Francesco Francavilla continues to deliver the goods with the stylized noir/pulp adventure series, The Black Beetle. What we’ve already fallen so hard for with the first outing, No Way Out Part 1, only gets better in the second, as the Beetle’s heroic investigations become all the more dangerous.
So what’s the rumpus? While there’s nothing staggeringly original here, for pulp fans, it doesn’t matter one iota! Francavilla chooses to simply follow the pulp formula we’ve become accustomed to, emulating Mignola’s Lobster Johnson, Cooke’s Catwoman, and Brubaker’s Fatale, and the result is hugely successful as the Beetle is just knock down drag out fun.
Not Francavilla’s first foray into the world of pulp fiction, having illustrated other black-clad heros of the night — Zorro, alongside writer Matt Wagner; and Black Panther with writer David Liss —with Black Beetle he has shown that he is very much aware of the expectations of pulp fans. Francavilla pulls out all the stops with cool costumes, high tech gadgets, guns, and of course, a slick car! Finding just the right blend of hard hitting action, nail bitting peril, and sinister mystery, Francavilla has created another great pulp classic.
With Black Beetle, Francavilla is definitely at the top of his game artistically. Since he has taken over the writing reins, he has freed himself up to fill these pages with his amazing brush work. With only the slightest hint of over indulgence, he deftly lays down just the right amount of moody bold blacks, highlighting them with liquid light splashes, and balancing them all out with a gorgeous color palette. His own brand of bold minimalism is on full display here, along with great page layouts — starting with the title page 2, and the awesome 4&5 double page spread, right down to the lobby cards at the end — illustrating perfectly the thirties pulp style that is so fitting for the series.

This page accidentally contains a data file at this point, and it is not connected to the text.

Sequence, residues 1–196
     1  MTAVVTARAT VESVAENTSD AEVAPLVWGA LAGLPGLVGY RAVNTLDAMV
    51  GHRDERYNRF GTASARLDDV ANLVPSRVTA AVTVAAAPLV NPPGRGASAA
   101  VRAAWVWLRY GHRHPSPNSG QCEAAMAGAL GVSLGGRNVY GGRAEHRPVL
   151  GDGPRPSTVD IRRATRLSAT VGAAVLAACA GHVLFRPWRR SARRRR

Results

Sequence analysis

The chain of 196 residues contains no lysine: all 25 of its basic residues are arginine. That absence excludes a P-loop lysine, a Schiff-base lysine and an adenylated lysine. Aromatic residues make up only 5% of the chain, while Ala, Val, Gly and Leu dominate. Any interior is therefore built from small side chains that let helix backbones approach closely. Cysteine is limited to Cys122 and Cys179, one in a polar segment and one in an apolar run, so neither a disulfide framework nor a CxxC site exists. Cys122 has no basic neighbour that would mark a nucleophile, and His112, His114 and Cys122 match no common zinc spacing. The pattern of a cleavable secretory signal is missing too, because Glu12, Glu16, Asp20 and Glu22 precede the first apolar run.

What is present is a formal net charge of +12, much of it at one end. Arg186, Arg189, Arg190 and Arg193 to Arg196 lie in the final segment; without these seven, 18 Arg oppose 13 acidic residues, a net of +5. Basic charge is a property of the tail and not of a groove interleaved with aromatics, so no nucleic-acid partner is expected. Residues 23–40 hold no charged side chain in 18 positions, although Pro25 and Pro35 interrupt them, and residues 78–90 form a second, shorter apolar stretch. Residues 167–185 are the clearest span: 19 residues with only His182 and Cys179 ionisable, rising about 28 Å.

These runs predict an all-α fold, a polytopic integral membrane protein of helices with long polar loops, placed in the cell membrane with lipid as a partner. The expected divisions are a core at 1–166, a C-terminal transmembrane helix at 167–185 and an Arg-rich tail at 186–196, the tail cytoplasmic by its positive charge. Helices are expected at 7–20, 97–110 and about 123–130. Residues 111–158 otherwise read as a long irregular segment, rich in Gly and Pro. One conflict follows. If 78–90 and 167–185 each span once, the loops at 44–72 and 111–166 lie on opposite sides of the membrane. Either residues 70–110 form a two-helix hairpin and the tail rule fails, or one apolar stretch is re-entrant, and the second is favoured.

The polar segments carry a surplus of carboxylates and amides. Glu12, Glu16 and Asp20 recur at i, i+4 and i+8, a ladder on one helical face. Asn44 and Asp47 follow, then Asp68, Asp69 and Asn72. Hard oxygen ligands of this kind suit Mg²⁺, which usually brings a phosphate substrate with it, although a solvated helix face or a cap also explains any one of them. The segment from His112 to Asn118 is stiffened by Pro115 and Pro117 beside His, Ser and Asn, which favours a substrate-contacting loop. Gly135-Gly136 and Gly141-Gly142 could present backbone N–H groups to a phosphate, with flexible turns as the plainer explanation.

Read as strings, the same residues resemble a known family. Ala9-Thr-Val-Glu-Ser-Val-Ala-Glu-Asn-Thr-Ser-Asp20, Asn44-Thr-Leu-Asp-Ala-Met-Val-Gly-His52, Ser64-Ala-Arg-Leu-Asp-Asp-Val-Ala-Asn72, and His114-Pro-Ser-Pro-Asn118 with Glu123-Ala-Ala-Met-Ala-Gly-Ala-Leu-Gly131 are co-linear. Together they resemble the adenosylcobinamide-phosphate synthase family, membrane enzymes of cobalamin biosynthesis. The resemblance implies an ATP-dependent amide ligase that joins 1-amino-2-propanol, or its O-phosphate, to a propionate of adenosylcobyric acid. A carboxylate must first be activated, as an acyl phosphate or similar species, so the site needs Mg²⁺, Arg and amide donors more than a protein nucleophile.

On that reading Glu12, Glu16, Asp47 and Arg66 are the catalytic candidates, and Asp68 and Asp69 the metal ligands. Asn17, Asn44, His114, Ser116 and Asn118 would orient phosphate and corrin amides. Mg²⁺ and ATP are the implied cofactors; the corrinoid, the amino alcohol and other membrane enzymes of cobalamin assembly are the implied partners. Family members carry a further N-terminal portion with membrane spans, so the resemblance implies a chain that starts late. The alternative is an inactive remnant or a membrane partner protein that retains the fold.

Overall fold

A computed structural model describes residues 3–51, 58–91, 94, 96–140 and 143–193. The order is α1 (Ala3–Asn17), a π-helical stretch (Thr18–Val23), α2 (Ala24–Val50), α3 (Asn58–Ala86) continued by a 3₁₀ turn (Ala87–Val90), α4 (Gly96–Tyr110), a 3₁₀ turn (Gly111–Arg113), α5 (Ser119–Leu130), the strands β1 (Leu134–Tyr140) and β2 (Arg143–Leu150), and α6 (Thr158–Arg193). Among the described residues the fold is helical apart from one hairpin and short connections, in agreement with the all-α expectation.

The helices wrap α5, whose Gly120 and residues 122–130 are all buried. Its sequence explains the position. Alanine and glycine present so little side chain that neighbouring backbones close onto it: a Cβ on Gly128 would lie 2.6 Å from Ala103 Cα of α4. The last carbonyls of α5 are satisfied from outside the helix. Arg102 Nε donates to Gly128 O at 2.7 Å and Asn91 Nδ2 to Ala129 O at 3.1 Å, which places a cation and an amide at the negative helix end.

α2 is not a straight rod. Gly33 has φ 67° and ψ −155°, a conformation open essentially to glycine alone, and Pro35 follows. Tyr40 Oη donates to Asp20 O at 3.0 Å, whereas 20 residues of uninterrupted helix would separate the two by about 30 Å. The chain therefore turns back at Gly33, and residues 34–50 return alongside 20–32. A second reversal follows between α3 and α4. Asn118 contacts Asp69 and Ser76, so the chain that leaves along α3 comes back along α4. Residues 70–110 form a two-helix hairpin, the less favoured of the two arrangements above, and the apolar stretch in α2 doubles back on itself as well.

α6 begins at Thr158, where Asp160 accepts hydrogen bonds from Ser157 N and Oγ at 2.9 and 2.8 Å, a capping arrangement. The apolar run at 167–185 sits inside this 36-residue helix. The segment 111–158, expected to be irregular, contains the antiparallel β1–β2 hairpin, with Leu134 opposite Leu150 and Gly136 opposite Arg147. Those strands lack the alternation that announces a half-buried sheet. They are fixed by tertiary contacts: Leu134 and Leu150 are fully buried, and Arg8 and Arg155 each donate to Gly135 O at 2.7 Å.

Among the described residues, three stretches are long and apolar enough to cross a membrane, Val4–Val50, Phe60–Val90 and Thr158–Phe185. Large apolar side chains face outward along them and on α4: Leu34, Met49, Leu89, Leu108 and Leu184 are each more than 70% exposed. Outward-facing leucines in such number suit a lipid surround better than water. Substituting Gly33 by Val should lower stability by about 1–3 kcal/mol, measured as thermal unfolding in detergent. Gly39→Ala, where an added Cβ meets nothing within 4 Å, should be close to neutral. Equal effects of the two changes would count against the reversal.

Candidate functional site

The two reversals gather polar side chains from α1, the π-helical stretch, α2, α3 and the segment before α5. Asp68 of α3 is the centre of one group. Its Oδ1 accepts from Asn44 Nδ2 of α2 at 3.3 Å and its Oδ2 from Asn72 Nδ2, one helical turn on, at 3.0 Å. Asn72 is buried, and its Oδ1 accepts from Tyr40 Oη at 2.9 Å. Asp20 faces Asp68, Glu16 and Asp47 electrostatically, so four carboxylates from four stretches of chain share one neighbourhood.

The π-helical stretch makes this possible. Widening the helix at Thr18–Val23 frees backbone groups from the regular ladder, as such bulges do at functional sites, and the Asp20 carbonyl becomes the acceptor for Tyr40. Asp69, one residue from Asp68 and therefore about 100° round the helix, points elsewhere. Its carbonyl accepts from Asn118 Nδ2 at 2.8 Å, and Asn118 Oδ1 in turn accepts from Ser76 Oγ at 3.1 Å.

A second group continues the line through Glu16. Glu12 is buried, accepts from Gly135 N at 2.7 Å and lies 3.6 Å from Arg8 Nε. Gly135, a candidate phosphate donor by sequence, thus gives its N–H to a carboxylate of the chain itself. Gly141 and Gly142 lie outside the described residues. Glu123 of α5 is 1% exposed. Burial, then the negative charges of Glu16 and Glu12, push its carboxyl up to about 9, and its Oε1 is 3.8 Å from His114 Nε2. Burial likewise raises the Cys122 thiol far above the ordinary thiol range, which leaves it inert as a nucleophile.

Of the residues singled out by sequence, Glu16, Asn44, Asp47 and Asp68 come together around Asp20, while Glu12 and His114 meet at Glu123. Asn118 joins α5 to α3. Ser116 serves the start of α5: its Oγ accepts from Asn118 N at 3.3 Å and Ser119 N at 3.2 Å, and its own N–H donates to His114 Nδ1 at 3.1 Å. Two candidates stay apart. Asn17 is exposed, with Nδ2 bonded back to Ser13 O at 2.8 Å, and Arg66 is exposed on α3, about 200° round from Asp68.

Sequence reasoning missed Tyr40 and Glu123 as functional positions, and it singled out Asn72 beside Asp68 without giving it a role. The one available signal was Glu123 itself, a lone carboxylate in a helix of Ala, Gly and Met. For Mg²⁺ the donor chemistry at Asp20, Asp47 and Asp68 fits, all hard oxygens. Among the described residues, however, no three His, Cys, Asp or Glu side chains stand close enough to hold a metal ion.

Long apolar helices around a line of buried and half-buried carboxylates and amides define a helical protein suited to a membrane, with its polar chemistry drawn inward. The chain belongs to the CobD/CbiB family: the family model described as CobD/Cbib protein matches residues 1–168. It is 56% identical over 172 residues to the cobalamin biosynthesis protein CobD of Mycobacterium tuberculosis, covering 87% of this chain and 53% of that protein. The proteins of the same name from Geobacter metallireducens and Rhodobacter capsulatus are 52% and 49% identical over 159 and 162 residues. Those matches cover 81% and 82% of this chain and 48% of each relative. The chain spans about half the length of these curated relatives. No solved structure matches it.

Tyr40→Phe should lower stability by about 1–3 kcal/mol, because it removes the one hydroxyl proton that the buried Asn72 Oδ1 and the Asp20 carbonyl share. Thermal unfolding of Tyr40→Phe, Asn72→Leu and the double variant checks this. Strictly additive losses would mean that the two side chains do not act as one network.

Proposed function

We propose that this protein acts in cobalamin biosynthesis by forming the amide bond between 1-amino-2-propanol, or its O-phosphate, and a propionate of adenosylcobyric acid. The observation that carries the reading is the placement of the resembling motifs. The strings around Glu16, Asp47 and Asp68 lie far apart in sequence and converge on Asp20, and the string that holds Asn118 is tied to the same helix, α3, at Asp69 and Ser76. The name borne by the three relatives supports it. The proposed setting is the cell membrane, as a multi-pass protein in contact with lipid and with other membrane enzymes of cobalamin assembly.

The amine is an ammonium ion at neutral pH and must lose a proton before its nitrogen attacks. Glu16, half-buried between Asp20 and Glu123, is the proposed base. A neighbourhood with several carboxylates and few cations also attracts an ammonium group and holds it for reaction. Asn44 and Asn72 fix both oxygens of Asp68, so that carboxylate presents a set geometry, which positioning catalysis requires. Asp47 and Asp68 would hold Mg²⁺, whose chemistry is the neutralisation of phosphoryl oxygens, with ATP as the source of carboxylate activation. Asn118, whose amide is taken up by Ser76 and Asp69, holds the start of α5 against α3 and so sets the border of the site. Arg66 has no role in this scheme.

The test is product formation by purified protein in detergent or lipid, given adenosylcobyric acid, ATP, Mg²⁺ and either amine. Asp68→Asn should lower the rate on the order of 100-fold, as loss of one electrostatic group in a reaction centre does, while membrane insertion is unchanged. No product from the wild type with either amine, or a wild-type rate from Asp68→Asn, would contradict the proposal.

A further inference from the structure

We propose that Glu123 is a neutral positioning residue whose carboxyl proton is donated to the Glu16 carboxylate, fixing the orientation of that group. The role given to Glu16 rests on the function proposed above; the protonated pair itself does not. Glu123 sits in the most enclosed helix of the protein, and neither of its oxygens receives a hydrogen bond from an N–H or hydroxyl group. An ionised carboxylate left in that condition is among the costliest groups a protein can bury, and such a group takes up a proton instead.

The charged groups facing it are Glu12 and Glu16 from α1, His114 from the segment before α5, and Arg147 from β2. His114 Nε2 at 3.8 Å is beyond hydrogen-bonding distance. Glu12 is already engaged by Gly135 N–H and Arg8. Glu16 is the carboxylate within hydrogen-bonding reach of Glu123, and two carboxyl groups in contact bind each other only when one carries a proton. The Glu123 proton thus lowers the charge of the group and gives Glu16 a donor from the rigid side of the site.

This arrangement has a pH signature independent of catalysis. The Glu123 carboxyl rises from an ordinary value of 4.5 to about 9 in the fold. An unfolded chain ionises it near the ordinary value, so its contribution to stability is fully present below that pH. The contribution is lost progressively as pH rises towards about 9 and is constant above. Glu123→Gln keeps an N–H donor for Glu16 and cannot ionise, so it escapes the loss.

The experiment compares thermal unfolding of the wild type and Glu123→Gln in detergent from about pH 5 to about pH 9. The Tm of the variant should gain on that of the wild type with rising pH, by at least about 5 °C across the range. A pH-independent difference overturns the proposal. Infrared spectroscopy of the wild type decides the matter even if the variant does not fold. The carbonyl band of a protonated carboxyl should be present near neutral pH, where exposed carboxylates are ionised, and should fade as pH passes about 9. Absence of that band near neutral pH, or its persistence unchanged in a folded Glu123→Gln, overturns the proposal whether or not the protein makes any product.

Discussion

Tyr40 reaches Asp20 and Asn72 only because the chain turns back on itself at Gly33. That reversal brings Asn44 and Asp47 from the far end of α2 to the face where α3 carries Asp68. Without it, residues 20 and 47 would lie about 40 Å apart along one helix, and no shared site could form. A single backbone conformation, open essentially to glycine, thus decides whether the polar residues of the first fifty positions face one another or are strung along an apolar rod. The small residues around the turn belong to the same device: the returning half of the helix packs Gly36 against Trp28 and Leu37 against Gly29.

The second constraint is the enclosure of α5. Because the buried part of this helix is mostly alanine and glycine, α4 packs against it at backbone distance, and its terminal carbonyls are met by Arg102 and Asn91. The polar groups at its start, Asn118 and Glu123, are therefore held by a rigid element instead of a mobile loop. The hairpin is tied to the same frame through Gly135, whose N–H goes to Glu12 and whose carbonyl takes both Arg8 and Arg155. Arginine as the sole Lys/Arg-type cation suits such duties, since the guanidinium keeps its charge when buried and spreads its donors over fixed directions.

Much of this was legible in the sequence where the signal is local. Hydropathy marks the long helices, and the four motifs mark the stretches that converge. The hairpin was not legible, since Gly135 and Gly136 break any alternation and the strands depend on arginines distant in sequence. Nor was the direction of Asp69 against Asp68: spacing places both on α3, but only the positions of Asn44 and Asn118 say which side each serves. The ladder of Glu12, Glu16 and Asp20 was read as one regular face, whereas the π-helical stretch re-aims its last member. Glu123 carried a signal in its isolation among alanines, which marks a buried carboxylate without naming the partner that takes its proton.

That being said, though the writing has allowed for great art, it is not without its faults. Though most of it can be overlooked as pulp fiction stylings, there are some minor pacing issues, and a few instances of redundancy, such as page 11 panel 5, where he narrates what the reader can clearly see illustrated (the matchbook and ring). The characters don’t feel quite as fleshed out as you might want, namely the villain, Labyrinto, but as his name suggests, I’m quite certain that’s intentional, and I’m sure there is an origin story waiting in the wings.
Like I said, however, all of this can be overlooked for the comic as a whole achieves what Francavilla surely set out to do — create another great pulp adventure series that leaves us begging for the next issue, and the hope that the series never ends.
Review — Black Beetle #2
By Jared W Lindenberg